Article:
News & Views - Aug,
1997 Issue #47
BACK IN CONTROL
How To Get Your Children to Behave
by: Gregory Bodenhamer
(Simon & Schuster, 1983)
Darrel McOmber, Academic Dean
Gregory Bodenhamer’s Back In Control, How To Get Your Children To Behave
has been helping parents regain control of their children’s misbehavior for almost fifteen years. More than two hundred thousand copies
have been sold, and not just a few have been handed out to parents by wilderness programs. The foundation themes that Bodenhamer introduced
are all centered on what he describes as the differences between “mandatory” and “optional” rules. Mandatory rules must be obeyed.
Optional rules always give children a choice to behave as adults would like, or not behave. Like most parents and public schools,
most residential schools rely on optional rules to get children to behave.
Punishments & Rewards: Rules enforced by rewards and punishments don’t
have to be obeyed. If children are willing to accept punishment or forego rewards, they have the option to do as they please. So do
immature and impulsive children who don’t think about the consequences before they act.
Problem Solving (Bargaining, Negotiating, Compromising): If children learn
that they can frequently bargain, negotiate, or get adults to compromise behavioral standards, no rules exist. Everything is wind
Freedom to Fail: In this approach to changing children’s behavior no rules
are ever set and any child willing to accept adults standards of “failure” can do as he or she pleases. Many children are willing
to accept an “F” on a report card rather than do the work necessary to get a passing grade.
Reasoning: If adults use “reasoning” to change children’s behavior, and the
children disagree with their logic, no rules are set and the kids can do as they please.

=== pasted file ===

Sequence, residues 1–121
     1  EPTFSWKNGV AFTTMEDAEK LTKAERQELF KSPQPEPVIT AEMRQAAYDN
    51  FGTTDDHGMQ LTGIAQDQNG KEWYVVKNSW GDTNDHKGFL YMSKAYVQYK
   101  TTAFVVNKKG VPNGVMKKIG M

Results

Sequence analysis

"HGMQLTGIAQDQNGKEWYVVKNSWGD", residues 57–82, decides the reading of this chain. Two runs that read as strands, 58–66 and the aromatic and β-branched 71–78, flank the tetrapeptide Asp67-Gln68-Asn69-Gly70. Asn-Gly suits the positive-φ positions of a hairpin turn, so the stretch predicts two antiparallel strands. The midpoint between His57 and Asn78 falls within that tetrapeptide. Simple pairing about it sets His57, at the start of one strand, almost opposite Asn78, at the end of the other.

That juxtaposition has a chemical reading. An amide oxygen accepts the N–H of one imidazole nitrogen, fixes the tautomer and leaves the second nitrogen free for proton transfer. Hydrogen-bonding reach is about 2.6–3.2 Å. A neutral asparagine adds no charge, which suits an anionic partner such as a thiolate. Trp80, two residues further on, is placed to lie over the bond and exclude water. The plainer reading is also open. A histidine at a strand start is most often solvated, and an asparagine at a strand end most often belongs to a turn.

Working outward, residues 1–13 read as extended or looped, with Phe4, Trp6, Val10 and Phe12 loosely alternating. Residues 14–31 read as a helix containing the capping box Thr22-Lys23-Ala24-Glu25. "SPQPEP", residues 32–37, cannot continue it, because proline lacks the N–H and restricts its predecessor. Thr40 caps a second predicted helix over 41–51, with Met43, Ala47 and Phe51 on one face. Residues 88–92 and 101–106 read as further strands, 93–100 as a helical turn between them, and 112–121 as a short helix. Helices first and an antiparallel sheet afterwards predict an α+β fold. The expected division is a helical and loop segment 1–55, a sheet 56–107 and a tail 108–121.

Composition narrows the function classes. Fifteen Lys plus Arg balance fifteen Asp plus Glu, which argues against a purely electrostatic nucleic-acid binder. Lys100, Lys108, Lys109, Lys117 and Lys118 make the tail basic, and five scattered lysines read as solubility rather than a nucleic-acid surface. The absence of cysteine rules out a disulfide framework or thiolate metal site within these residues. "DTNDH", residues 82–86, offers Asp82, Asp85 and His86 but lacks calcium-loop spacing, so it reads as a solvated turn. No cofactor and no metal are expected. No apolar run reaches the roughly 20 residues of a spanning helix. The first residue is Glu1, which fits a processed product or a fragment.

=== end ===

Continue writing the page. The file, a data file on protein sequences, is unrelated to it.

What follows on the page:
Getting Tough: If children are told to follow the rules, or get out of the
house, they obviously have the option to do as they please if they are willing to leave.
Children are not genetically programmed to clean up after themselves, avoid
drugs, study algebra or control their sexual feelings. Like adults, children prefer doing what they want, when they want, and unless
there are structures with consistently enforced rules, they will act on impulse and emotion and do as they please. To emphasize his
point, Bodenhamer asks parents the following questions: If you don’t clearly state your rules, whose interpretation of those rules
are your children likely to use, yours or theirs? and, If you don’t effectively follow through and enforce your own rules, are your
children likely to follow through and enforce them on themselves? and, Are your children likely to be consistent in obeying rules
that you aren’t consistent in enforcing?
Bodenhamer makes it clear that whenever adults do not, or will not, consistently
set and enforce rules, children will see the rules as optional and progressively take control. Many of these kids eventually wind
up in residential treatment centers or wilderness programs. Unfortunately, most of them return to the same conditions that created
their problems in the first place. Parents and other adults in these situations desperately need a supplemental source of power and
control for their children. This book sets out the means and methods to do that.
(Gregory Bodenhamer is a key staff of Sage Schools, emphasizing working
with the parents of enrolled students. Much of the philosophy of Sage Schools is based on Bodenhamer’s work with families. A copy
of this book is available from Woodbury Reports - see the order form.)
Copyright © 1997, Woodbury Reports, Inc. (This article may be reproduced
without prior approval if the copyright notice and proper publication and author attribution accompanies the copy.)